RT: This is thought to be the first time US troops have been engaged in direct ground combat with ISIS. Is this a sign of mission creep or of information leak?

PB: I don’t think this is mission creep, I think this is mission running. There is no question the US has been directly engaging in a war against ISIS at various points against others, whether it’s the Al-Qaeda force known as the Al-Nusra front, whether it is against parts of the regime of President [Bashar] Assad in Syria. The US has been engaged militarily for quite some time. So, this is not mission creep except to the degree that they are acknowledging that this is outside the official mission and now we are going to match that by moving to the new definition of the mission. This is and has been a very serious problem since August of 2014. The problem isn’t new. Acknowledging it may be new, but that is not the problem. The problem is the militarization of this conflict on all sides. We need a cease fire; we need an arms embargo on all sides.

Iraqi security forces hold an Islamist State flag which they pulled down at the University of Anbar, in Anbar province July 26, 2015.  © REUTERS/Stringer

US troops were involved in the mission from the start; they were trained for nothing other than combat missions, David Swanson, US-based journalist and activist, told RT. They are in Iraq for combat that has been going on since 2003, he added.

RT: The Pentagon says the US soldiers were supposed to stay back. Judging by the video, is that what they did?

David Swanson: I don’t know from the video, but from the fact that one of them died; from the fact that they were very much involved in the mission from the start; from the fact that they were trained for nothing other than combat missions despite being labeled ‘non-combat soldiers’ it is quite clear what they are there for. They are there for the combat that hasn’t ended since 2003 - even if it has been more from the air in recent months than on the ground.

RT: Why did American soldiers take part at all? Aren't the Kurdish fighters capable?

DS: The Kurdish fighters appear from the reports we’ve been given about this particular incident to have been perfectly capable - they killed an unstated number of ISIS troops or people in the process and I don’t know if it was intentional or not. And one American died, no Kurdish did. Perhaps, it was the Americans who were incompetent, I don’t know. But clearly, the US loves to be involved. Loves to train, loves to support, loves to lead, loves to arm and was choosing to be involved whether it imagined the Kurds were incapable or for other reasons.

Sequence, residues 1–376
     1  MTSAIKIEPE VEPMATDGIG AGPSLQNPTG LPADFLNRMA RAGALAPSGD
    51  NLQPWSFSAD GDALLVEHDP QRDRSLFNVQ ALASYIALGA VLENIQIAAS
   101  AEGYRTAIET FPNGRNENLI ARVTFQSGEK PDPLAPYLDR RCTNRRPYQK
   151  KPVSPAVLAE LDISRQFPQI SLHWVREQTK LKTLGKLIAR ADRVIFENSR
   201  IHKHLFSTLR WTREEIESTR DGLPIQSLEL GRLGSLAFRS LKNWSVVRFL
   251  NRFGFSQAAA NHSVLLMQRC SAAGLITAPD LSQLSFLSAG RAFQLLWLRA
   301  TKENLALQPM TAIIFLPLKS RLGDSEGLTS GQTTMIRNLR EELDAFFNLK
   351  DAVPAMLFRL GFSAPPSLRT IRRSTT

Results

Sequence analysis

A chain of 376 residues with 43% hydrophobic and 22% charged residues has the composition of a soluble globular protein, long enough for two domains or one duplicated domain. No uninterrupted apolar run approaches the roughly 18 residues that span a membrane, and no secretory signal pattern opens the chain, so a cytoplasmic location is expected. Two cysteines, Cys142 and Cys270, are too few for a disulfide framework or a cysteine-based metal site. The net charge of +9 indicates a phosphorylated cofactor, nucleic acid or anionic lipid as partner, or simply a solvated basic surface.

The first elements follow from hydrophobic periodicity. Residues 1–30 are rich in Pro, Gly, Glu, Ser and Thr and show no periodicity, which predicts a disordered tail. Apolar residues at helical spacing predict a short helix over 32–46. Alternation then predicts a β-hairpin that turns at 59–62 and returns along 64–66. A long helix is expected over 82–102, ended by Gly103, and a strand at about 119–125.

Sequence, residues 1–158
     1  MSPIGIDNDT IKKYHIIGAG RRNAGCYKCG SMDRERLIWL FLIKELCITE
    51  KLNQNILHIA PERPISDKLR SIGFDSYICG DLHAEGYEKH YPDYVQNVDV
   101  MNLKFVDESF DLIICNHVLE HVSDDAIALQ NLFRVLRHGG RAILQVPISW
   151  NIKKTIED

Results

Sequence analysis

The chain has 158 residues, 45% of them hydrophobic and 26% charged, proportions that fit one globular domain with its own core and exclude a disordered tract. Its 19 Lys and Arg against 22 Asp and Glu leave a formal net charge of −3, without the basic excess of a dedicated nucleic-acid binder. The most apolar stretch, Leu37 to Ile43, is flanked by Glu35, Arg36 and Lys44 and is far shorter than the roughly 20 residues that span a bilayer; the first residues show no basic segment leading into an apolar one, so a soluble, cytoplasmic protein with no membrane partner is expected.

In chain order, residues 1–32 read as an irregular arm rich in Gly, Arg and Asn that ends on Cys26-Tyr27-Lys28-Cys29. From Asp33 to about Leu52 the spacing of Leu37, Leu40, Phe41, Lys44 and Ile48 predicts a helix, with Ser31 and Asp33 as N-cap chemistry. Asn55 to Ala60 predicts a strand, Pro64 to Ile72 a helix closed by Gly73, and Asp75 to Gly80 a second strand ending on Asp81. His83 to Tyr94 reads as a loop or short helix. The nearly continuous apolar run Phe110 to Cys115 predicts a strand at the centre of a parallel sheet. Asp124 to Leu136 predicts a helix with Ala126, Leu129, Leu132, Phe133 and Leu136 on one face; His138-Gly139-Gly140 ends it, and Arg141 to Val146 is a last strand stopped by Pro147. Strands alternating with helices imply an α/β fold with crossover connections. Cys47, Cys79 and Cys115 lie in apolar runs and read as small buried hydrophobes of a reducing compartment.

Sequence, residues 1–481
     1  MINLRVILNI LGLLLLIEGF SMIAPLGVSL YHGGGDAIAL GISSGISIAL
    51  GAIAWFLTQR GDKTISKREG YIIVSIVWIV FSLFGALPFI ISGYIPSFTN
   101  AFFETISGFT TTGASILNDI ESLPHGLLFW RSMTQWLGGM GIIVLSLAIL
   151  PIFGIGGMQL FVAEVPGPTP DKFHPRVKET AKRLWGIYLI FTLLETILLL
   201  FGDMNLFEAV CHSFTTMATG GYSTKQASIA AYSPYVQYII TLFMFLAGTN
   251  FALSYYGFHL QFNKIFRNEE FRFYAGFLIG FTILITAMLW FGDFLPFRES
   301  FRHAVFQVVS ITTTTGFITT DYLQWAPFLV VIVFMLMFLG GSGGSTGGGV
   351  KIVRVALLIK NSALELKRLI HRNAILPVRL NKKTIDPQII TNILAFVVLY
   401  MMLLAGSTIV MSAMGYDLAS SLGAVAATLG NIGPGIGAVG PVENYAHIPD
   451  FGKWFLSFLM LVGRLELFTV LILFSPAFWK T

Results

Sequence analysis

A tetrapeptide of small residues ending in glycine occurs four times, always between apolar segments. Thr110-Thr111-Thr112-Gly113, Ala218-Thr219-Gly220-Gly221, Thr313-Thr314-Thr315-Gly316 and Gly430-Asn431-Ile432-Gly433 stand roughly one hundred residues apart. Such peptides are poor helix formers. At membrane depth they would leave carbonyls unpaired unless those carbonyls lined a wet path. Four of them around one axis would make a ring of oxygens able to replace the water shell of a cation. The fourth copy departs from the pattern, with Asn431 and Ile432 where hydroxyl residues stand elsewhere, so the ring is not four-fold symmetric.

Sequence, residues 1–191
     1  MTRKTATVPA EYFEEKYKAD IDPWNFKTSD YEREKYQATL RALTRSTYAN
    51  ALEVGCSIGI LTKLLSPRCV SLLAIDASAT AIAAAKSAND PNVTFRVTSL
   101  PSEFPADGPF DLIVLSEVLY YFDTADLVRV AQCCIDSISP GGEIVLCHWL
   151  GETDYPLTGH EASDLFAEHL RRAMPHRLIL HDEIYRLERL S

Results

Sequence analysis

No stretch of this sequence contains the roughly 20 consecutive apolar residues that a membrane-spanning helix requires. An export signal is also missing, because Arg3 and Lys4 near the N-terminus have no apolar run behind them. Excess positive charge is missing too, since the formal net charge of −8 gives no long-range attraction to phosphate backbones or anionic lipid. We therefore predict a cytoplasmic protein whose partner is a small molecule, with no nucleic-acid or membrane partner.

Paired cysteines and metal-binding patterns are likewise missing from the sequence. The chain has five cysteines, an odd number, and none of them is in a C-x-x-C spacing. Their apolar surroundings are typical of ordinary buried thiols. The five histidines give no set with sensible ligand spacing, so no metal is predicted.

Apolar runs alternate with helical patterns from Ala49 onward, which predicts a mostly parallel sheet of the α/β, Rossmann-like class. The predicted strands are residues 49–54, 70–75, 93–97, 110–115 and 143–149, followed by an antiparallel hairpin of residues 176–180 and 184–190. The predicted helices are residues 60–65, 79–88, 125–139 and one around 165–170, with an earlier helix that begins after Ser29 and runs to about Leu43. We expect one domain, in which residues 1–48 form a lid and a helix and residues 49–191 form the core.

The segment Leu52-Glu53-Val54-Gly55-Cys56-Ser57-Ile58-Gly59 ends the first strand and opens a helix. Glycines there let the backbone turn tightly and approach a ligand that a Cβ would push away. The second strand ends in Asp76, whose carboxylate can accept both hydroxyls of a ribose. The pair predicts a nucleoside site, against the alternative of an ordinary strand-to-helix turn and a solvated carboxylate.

RT: If the current role of US soldiers in Iraq potentially exposes them to battle, how is that a non-combat role?

DS: It is just twisting language, just like bombing Libya was not going to be war or hostilities and therefore not fall under US laws banning presidential wars because no US troops would be on the ground - even though US troops were on the ground. Here they choose to call it ‘non-combat’ even though it is soldiers with arms, trained for nothing other than combat, taking part in combat and then saying: “Well, he didn’t mean to, he was supposed to stay back.” It is combat. But this is part of a war that has been ongoing since 2003 that in recent months has involved primarily combat from the air. The Iraqi deaths don’t make the news the way a single American death does. And it has been counterproductive from day one and has been generating more enemies than it is killing. A fact that Russia should have pay more attention to be for jumping into this itself.


The statements, views and opinions expressed in this column are solely those of the author and do not necessarily represent those of RT.